David McCullough: The famed biographer speaks to a crowd of hundreds and later discusses the library





David McCullough spoke Wednesday in Independence to help observe the Truman Library’s 50th anniversary.

McCullough’s biographies of Harry Truman and John Adams have won Pulitzer Prizes. His years introducing “American Experience” on public television, as well as his narration of the landmark Ken Burns “The Civil War” documentary, have made him perhaps the county’s most recognizable historian.

About 400 people attended his speech Wednesday, which he delivered on the library’s front steps. Before that speech, he answered a few questions.

Q. Would Harry Truman be pleased with the Truman Library today?

A. He would be immensely pleased. … He wanted this to be a classroom for democracy, and I think he would be particularly pleased with the library’s program (The White House Decision Center) of bringing students and teachers here, which is one of the best of all the presidential libraries.

Q. Your biography of Truman appeared in 1992, and it was a great success. It soon was made into an HBO movie, starring Gary Sinise in the title role. It was about the same time the Truman Library Institute began raising funds for the library’s $22 million upgrade, completed a few years ago. Do you feel your book played a role in the success of that campaign?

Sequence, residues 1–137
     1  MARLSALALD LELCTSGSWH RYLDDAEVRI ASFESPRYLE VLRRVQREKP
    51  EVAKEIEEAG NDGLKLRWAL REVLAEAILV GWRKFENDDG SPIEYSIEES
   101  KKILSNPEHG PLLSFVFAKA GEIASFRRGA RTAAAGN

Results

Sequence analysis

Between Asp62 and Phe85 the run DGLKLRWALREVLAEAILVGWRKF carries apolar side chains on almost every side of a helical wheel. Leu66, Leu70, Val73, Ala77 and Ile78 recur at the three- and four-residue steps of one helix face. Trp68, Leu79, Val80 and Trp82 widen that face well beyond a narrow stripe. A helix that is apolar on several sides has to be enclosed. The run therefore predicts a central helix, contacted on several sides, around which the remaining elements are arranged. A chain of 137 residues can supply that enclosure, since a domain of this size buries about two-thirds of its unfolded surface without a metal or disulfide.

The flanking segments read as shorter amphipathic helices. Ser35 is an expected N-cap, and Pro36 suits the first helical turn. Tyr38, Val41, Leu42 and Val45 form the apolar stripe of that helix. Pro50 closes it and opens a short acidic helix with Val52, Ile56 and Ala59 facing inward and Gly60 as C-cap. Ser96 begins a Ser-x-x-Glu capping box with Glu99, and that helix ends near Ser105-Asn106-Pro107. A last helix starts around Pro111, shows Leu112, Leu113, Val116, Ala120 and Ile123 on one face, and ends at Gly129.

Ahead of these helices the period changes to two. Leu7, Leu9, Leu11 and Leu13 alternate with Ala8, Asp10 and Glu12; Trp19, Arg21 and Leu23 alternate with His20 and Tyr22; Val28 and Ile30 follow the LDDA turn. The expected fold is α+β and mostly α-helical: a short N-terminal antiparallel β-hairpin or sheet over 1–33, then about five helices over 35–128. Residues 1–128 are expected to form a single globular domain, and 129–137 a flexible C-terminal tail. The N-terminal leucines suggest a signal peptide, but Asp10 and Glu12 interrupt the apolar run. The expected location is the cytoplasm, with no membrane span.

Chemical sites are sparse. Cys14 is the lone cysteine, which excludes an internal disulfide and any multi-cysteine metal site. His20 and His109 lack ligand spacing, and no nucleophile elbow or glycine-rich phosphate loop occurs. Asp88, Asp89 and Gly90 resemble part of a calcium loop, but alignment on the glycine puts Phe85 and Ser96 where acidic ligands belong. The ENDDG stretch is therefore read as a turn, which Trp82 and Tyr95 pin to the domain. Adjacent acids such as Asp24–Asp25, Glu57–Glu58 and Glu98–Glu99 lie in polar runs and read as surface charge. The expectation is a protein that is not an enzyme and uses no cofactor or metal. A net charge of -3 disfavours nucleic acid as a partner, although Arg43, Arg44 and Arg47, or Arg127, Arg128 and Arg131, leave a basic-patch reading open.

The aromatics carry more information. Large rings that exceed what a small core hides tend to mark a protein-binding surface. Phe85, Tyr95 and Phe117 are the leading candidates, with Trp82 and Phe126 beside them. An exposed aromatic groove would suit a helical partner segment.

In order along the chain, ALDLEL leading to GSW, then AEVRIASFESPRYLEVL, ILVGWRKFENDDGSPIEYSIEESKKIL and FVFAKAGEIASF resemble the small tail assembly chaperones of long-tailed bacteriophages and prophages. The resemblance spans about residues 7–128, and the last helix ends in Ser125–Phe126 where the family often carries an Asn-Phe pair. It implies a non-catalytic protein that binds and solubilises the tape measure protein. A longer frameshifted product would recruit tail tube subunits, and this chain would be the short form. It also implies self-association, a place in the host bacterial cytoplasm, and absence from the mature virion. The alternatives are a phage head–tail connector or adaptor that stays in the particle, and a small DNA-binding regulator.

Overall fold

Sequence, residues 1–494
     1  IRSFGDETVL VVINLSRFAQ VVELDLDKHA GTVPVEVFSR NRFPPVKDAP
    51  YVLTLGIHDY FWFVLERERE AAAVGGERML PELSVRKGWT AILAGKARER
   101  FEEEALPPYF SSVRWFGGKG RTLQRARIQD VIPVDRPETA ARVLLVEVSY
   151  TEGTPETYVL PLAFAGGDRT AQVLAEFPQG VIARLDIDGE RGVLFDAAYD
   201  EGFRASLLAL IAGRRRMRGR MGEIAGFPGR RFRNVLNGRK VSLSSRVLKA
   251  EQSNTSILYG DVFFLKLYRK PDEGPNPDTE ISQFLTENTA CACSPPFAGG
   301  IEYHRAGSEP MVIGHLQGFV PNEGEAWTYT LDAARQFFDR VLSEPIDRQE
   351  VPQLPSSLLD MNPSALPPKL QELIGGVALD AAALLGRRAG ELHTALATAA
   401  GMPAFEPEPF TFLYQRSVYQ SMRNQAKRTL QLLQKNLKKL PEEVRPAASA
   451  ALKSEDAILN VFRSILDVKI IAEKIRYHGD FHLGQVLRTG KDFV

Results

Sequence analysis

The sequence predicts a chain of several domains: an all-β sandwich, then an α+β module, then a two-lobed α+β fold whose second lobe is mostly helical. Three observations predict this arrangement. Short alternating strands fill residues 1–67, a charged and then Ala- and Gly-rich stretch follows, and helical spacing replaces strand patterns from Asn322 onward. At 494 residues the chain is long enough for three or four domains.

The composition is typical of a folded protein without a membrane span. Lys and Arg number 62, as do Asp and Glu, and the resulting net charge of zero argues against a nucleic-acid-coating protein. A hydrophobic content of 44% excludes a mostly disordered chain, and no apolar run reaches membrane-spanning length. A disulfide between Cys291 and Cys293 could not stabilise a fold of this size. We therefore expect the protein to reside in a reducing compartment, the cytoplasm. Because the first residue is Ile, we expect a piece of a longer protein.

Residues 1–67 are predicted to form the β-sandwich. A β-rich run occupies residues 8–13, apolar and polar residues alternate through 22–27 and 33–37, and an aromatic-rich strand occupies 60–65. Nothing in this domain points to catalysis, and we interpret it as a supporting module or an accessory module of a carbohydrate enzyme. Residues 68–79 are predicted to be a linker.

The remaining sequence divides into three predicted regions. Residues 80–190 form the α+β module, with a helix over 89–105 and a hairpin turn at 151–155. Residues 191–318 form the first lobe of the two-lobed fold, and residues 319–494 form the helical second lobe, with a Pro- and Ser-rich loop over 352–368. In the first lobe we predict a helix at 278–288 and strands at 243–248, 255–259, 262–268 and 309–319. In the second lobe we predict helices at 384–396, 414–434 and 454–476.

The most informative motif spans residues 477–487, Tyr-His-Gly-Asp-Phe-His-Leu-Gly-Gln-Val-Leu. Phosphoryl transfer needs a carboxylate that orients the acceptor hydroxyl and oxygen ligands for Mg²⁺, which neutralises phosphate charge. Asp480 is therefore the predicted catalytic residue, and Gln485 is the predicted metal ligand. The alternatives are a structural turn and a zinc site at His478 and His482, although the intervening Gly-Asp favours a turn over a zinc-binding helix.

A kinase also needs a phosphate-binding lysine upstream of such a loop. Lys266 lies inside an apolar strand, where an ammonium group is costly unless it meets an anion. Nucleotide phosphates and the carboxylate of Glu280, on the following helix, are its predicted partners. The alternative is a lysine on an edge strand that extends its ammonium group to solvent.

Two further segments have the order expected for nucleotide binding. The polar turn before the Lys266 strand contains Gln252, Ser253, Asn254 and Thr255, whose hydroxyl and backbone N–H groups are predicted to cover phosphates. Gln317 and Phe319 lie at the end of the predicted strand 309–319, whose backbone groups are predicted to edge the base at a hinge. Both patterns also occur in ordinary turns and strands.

A. I hope it played a good part. It certainly brought the story of Harry Truman to the country. I feel my own participation in trying to raise that money helped. The Truman Library is a national treasure, but it is also an important civic and cultural amenity for Kansas City and the surrounding area.

Q. Is it wise to continue to build presidential libraries across the country?

A. I just had someone in New York say to me the other day, ‘Hasn’t this presidential library craze gotten out of hand? Do we need all these presidential libraries all over the country?’

Well, we do. I don’t believe that everything ought to be in Washington. But I also know that it is valuable for anyone trying to understand the life of a particular president to come to the place that produced that human being, where his memory is part of the story of that place. This is where (longtime Truman Library research room staff member) Liz Safly introduced me to many people in the community who were invaluable to my understanding of Harry Truman, because they knew him or worked with him or watched him as we walked down the street.

None of that would have been possible had I been in Washington working in another big government building.




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